Conventional screen histories tend to concentrate on New York City and Hollywood in chronicling the evolution of American cinema. Notwithstanding the tremendous contribution of both cities, Syracuse and Central New York also played a strategic - yet little-known - role in early screen history.In 1889 in Rochester, New York, George Eastman registered a patent for perforated celluloid film, a development that would telescope the international race to record motion by means of photography to the immediate future. In addition, the first public film projection occurred in Syracuse, New York, in 1896. Norman O. Keim and David Marc provide a highly readable and richly detailed account of the origins of American film in Central New York, the colorful history of neighborhood theaters in Syracuse, and the famous film personalities who got their start in the unlikely snow belt of New York State. Lavishly illustrated, this book will be treasured by both film buffs and Central New Yorkers.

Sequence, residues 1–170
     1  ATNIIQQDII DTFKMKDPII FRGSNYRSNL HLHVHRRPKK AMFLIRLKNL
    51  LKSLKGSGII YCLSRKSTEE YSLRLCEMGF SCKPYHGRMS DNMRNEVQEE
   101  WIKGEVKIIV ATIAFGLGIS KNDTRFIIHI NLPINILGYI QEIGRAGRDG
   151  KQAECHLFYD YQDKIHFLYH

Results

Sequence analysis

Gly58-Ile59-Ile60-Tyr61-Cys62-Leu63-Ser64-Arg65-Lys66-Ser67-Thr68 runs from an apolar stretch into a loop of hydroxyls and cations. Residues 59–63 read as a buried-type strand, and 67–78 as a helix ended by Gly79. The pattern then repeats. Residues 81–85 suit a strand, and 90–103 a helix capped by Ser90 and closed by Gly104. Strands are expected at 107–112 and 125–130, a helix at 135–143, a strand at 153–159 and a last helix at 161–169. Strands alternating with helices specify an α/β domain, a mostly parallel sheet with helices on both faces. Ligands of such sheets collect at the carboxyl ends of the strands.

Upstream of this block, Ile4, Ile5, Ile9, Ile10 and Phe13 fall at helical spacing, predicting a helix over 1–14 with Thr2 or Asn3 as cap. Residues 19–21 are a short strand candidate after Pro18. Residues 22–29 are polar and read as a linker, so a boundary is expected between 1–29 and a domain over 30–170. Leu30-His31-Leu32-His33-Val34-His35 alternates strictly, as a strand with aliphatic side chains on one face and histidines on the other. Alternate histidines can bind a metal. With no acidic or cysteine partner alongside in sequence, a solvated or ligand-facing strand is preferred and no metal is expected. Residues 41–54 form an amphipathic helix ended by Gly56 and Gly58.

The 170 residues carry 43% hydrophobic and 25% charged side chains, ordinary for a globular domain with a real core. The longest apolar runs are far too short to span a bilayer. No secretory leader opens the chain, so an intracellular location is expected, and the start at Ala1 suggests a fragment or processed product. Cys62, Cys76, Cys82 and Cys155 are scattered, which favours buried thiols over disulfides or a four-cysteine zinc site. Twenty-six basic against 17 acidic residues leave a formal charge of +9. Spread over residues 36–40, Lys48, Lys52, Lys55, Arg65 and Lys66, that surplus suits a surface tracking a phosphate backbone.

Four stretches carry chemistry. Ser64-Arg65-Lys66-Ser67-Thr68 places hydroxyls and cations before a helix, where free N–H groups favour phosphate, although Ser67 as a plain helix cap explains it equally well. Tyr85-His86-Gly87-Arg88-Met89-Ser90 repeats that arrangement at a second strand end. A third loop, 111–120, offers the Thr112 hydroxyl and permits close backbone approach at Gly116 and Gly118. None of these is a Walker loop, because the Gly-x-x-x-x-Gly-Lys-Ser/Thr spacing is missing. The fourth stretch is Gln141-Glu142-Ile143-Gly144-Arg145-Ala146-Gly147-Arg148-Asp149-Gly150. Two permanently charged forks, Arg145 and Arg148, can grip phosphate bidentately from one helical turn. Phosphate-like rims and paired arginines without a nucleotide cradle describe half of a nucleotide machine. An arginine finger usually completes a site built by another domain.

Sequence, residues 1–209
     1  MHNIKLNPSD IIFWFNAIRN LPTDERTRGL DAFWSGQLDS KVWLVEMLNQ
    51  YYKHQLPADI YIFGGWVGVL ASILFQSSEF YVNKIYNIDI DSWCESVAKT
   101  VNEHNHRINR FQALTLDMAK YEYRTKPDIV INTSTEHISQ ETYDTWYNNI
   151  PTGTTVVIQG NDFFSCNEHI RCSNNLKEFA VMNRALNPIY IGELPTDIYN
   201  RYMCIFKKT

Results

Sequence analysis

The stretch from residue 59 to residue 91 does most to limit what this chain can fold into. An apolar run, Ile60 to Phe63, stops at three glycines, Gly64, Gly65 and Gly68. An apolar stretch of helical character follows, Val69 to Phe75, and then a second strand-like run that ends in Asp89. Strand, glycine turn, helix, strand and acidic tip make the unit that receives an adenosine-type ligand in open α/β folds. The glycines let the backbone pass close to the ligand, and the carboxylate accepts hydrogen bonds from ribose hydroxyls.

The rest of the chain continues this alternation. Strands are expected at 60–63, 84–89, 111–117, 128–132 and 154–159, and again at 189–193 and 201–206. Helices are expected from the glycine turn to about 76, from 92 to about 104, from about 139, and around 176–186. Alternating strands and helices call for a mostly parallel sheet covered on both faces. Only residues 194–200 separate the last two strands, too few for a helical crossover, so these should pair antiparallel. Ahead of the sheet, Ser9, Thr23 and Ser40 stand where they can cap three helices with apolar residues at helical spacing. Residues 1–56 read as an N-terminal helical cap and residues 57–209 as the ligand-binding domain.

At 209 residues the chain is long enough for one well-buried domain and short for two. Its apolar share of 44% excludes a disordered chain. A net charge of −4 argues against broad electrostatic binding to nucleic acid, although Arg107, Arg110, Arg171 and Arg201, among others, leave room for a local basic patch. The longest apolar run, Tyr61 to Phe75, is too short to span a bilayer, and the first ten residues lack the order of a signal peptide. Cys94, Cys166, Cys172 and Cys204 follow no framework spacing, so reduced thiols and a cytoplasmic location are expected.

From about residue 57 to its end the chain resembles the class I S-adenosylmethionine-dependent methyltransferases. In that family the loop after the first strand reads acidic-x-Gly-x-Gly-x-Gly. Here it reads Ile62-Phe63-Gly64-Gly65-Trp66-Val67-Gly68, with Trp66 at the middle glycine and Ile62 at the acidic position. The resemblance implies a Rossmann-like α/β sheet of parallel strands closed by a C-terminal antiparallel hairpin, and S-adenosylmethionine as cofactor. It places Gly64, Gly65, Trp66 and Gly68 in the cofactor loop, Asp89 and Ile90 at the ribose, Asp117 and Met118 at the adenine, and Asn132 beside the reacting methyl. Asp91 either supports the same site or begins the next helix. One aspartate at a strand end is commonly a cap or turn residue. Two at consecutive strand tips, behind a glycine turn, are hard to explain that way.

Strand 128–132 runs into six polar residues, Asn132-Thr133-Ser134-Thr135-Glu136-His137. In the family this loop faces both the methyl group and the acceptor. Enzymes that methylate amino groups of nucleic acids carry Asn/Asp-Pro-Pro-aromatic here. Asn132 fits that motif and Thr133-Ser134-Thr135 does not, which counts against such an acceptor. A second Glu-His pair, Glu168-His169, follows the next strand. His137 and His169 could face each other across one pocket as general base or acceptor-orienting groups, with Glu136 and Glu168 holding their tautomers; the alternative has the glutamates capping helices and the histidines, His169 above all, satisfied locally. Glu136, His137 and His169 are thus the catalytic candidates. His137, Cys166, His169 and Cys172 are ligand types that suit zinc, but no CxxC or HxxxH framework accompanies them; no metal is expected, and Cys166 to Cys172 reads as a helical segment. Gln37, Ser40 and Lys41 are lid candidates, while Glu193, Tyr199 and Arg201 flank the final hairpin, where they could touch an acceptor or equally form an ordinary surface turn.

Norman O. Keim was founder and director of the Syracuse University Film Studies Center and adjunct professor of film studies from 1973 to 1985. He created Film Forum, a weekly presentation of art films in the university's Gifford Auditorium and the Regent Theatre from 1967 to 1980. David Marc is communications manager in the publications department at Syracuse University. He is the author of Bonfire of the Humanities: Television, Subliteracy, and Long-Term Memory Loss and the coauthor of Prime Time, Prime Movers, both published by Syracuse University Press.